If your tablet carts charge but can’t synchronize their software, LocknCharge’s latest units can. The iQ 30 and Evo 40 can handle 30 or 40 units in the company’s five-unit Baskets. The system works with all recent iPads and makes sure they’re not only charged but ready for class with the latest software. They cost $3,000 and $3,500, respectively, and come with lifetime warranties.
Sure, anybody can charge a phone or tablet using a USB power adapter, but what about plugging the device directly into a wall outlet? That’s where a USB wall outlet comes in. You can charge a phone or tablet directly without a separate adapter and save on space and clutter. Here’re five ways to power up a room full of tablets.
Newer Technology’s Power2U is a direct replacement for the typical AC outlet, but it adds a pair of USB power plugs alongside the traditional 115-volt outlets. You’ll need an electrician install it, it’s available in three colors and you can get it in 15- or 20-amp versions. The USB outlets supply 5.2-volts at up to 2.5 amps for each plug. Unlike the others, it comes with a face plate that has slide-open doors, which cover the USB plugs and turn off the power when they’re closed. It costs about $23.
Can you do without the AC outlets? Leviton Decora USB4P outlet replaces the 110-volt plugs with four USB ports. Capable of delivering up to 4.2-amps of current at 5-volts, it has a microprocessor to balance its load to that it can charge four high-current tablets at once; any single device can draw up to 2.1-amps. You’ll need to have an electrician install it and the Decora outlet set comes in white, ivory, light almond, gray and black for $40.
If you don’t mind giving up one AC outlet, RCA’s Wall Plate Charger can do the trick for charging. It plugs right into the wall, so you don’t need an electrician. It sticks out slightly and yields a pair of 2.1-amp USB charging ports as well as a regular old 110-volt AC outlet. It sells for $15 and the company also makes one that has four USB charging slots.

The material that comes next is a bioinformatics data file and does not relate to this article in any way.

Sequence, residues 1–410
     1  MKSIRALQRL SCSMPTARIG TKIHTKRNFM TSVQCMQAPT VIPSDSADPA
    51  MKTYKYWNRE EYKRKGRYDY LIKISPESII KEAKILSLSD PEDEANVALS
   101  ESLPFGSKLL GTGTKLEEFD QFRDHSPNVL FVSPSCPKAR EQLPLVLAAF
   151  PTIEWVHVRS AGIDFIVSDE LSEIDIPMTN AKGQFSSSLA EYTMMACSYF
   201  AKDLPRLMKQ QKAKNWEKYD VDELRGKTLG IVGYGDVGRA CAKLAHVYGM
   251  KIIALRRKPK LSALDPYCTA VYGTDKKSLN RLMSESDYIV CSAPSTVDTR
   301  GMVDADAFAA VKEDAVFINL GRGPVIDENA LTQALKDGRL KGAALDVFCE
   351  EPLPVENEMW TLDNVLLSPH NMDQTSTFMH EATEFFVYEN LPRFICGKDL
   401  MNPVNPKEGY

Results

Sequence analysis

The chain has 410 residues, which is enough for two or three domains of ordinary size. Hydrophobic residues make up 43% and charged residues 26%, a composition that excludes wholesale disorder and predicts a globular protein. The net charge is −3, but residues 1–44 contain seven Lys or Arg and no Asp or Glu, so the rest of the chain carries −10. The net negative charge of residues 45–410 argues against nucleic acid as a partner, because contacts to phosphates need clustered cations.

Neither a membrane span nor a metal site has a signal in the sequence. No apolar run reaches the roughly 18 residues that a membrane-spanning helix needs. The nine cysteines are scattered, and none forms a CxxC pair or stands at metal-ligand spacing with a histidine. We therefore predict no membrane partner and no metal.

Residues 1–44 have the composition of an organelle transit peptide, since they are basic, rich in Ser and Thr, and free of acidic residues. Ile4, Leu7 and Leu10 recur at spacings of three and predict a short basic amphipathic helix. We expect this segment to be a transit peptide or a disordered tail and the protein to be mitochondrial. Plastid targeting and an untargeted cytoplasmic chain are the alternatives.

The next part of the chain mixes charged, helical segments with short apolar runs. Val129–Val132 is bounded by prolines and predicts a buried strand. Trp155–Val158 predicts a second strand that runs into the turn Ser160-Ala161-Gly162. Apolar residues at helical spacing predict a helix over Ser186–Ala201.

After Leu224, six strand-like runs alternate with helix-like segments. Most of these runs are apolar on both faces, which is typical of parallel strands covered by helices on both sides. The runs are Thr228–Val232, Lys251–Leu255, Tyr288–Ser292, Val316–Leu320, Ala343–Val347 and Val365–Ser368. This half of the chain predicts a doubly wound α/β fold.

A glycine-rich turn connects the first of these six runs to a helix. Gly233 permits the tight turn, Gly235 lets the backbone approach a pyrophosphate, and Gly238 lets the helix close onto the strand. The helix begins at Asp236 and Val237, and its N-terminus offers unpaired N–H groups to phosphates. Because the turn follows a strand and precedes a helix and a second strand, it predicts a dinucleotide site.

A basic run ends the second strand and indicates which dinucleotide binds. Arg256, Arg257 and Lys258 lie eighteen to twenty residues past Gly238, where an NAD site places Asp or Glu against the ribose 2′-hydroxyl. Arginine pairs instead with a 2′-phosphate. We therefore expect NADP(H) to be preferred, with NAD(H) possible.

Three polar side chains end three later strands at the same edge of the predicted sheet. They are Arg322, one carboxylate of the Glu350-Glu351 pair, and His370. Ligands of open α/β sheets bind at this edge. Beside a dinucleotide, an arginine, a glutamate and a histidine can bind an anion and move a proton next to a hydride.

RND’s $20 3.4-amp Fast Charging Station takes this idea a step farther and is perfect for rooms with lots of tablets. It plugs right into a wall outlet and is bigger than the other two, but combines three 110-volt AC outlets with a pair of USB charging ports. The bonus is that, unlike the other two, the 3.4-amp Fast Charging station has a 540 Joule surge suppressor to protect delicate equipment from dangerous voltage spikes.
By far, the easiest to install and use of the five is the Pro 4USB Port AC Wall Charger. It plugs right into a wall outlet, has four 5-volt USB power ports with blue LEDs to show they’re working and won’t hog both outlets. In fact, a traditional double AC outlet can accommodate two of the 4USB chargers for 8 USB outlets. On the downside, while a single device can take up to 2.1-amps of its output, with two devices the current draw drops to 1.05 amps each. With four items connected, they can only take 0.5-amps each, which can slow charging. It’s available at Amazon.com for $11, making it the bargain of the group.
Whether it’s for displaying sheet music or just to read with your hands free to take notes, the AirTurn Manos Universal Tablet Mount is a great way to suspend a slate. The $49 hardware works with everything from an iPad and Surface slate to a Samsung, Sony or LG tablet. In fact, the AirTurn will work with just about any tablet that has a 13-inch or smaller screen, even if it is in a case. Its spring-loaded fingers securely grab the sides of the tablet to allow the pad to rotate 360-degrees and be tilted to a comfortable position.